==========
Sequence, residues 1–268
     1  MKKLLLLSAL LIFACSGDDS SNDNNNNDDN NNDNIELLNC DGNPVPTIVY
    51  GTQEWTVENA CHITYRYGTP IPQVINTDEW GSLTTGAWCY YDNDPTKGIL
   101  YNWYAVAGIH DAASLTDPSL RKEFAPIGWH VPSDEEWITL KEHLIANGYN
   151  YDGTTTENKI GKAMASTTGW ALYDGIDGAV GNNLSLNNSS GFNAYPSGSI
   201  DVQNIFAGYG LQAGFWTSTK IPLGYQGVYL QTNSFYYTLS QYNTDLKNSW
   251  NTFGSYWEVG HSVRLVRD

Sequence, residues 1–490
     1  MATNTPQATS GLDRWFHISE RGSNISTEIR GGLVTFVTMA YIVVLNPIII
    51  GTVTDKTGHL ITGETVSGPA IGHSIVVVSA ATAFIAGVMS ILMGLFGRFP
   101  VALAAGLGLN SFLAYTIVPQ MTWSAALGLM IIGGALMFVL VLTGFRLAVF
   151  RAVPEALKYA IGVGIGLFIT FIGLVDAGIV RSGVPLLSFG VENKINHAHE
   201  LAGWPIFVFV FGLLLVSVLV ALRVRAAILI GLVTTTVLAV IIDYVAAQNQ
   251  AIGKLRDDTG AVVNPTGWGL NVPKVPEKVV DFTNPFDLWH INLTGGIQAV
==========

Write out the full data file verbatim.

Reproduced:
Sequence, residues 1–268
     1  MKKLLLLSAL LIFACSGDDS SNDNNNNDDN NNDNIELLNC DGNPVPTIVY
    51  GTQEWTVENA CHITYRYGTP IPQVINTDEW GSLTTGAWCY YDNDPTKGIL
   101  YNWYAVAGIH DAASLTDPSL RKEFAPIGWH VPSDEEWITL KEHLIANGYN
   151  YDGTTTENKI GKAMASTTGW ALYDGIDGAV GNNLSLNNSS GFNAYPSGSI
   201  DVQNIFAGYG LQAGFWTSTK IPLGYQGVYL QTNSFYYTLS QYNTDLKNSW
   251  NTFGSYWEVG HSVRLVRD

Sequence, residues 1–490
     1  MATNTPQATS GLDRWFHISE RGSNISTEIR GGLVTFVTMA YIVVLNPIII
    51  GTVTDKTGHL ITGETVSGPA IGHSIVVVSA ATAFIAGVMS ILMGLFGRFP
   101  VALAAGLGLN SFLAYTIVPQ MTWSAALGLM IIGGALMFVL VLTGFRLAVF
   151  RAVPEALKYA IGVGIGLFIT FIGLVDAGIV RSGVPLLSFG VENKINHAHE
   201  LAGWPIFVFV FGLLLVSVLV ALRVRAAILI GLVTTTVLAV IIDYVAAQNQ
   251  AIGKLRDDTG AVVNPTGWGL NVPKVPEKVV DFTNPFDLWH INLTGGIQAV